Rice Kefeng6 flour samples were supplied by the China National Rice Research Institute. Genomic DNA from Kefeng6 was isolated from rice flour using the Wizard Magnetic DNA Purification System for Food according to the manufacturer’s instructions (Promega, Madison, WI, USA). The DNA pellets were dissolved in 100 μL nuclease-free water. DNA quantification was performed using a PicoGreen assay (Quant-iT PicoGreen dsDNA Kit; Invitrogen Carlsbad, CA, USA), and the samples were diluted to a 50 ng/μL working stock, which was stored in aliquots at −80°C.
2.2. Construction and Purification of the pKefeng6 Plasmid DNA
The pKefeng6 plasmid, which was constructed based on pEASY-T3 (TransGen, Beijing, China), was cloned using overlapping PCR of a sequence that included a 68 bp fragment of gos9 and a 77 bp GM event-specific fragment of Kefeng6. The primers used for plasmid construction are listed in Table 1. The two fragments were amplified using genomic DNA from Kefeng6 as the template and the following primers KF6-1F, KF6-1R, gos9-1F, and gos9-1R. Complementary primers (Fusion-F and Fusion-R) and PCR were used to generate two DNA fragments with overlapping ends. These fragments were combined to generate a fusion product. Digestion of the BamHI and HindIII sites was performed to verify the identities of the fragments. To confirm the sequences of the inserted fragments, SinoGenoMax Co., Ltd., Sangon Co., Ltd., and Invitrogen Co., Ltd. performed direct sequencing.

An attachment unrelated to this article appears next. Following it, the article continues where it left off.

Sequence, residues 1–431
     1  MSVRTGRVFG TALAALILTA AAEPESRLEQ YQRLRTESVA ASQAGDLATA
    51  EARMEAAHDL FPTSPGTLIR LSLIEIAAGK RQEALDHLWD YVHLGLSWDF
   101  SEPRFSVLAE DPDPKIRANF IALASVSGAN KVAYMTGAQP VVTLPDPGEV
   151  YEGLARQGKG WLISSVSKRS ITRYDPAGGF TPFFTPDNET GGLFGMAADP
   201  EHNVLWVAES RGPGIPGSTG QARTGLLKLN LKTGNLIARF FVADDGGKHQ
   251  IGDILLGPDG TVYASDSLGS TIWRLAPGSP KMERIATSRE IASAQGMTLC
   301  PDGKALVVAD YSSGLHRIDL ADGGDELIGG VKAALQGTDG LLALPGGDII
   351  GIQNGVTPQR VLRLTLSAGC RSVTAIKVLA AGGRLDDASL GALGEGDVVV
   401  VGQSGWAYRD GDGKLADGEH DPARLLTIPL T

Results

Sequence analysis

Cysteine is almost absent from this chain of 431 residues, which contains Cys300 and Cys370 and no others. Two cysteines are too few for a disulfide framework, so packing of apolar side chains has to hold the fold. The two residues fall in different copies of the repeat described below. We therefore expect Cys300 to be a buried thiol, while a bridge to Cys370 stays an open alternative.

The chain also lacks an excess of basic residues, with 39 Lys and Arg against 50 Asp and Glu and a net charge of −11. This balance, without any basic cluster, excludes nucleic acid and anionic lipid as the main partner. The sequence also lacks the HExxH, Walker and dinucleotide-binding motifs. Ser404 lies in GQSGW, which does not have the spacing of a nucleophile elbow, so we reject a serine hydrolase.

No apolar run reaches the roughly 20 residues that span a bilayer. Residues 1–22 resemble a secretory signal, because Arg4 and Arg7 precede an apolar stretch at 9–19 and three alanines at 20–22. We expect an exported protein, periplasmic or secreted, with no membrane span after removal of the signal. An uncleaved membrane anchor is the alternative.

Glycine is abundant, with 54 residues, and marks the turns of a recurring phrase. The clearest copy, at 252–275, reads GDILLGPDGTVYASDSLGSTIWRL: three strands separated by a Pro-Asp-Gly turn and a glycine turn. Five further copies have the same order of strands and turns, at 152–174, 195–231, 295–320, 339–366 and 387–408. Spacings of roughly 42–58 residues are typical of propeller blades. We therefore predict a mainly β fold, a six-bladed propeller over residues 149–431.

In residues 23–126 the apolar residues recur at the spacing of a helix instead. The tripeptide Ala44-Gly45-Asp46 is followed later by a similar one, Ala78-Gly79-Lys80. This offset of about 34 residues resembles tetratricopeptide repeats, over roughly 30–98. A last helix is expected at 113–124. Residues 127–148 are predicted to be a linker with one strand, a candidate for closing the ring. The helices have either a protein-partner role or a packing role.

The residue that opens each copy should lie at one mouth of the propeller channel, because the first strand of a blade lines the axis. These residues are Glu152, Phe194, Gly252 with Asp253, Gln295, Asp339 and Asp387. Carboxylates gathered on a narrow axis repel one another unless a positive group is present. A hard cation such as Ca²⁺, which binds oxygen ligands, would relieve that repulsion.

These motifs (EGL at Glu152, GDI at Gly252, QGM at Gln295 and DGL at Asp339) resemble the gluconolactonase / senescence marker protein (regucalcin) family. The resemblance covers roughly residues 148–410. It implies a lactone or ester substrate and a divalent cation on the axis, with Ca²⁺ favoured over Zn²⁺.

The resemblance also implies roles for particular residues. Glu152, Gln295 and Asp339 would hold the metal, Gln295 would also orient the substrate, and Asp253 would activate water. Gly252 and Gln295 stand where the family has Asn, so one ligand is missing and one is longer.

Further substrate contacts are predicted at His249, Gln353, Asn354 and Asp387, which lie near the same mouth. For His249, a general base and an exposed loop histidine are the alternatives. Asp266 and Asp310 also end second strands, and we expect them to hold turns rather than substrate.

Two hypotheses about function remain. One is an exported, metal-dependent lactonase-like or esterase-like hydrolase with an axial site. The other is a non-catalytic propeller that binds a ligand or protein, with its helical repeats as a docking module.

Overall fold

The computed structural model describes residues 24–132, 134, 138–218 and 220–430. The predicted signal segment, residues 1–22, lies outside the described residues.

JM109-competent cells containing the correct inserts were cultured and the plasmid DNA was isolated and purified using the PureYield Plasmid Midiprep System (Promega) according to the manufacturer’s protocol. Plasmid DNA concentrations (μg/mL) were measured using the PicoGreen assay and calculated as copy numbers of pKefeng6, considering the size of the plasmid and the molecular weight of the dsDNA. The pellet was air dried and dissolved in 30 μL of 1 × TE0.1 (10 mM Tris, 0.1 mM EDTA, and pH 8.0).
A plasmid solution containing 3.71 × 105 cp/μL was prepared by diluting the stock plasmid solution in a buffer containing 1 mM Tris, 0.01 mM EDTA, and pEasy-T3 plasmid DNA at pH 8.0. The plasmid was serially diluted at 1 : 10, 1 : 10, 1 : 5, 1 : 5, and 1 : 5 to obtain qPCR samples with the expected number of plasmid copies. The five diluted plasmid DNA samples (S1: 37100, S2: 3710, S3: 742, S4: 148, and S5: 30 copies per reaction in 5 μL) were used to construct a standard curve. One of the five diluted samples (S3) was then used for absolute quantification by dPCR.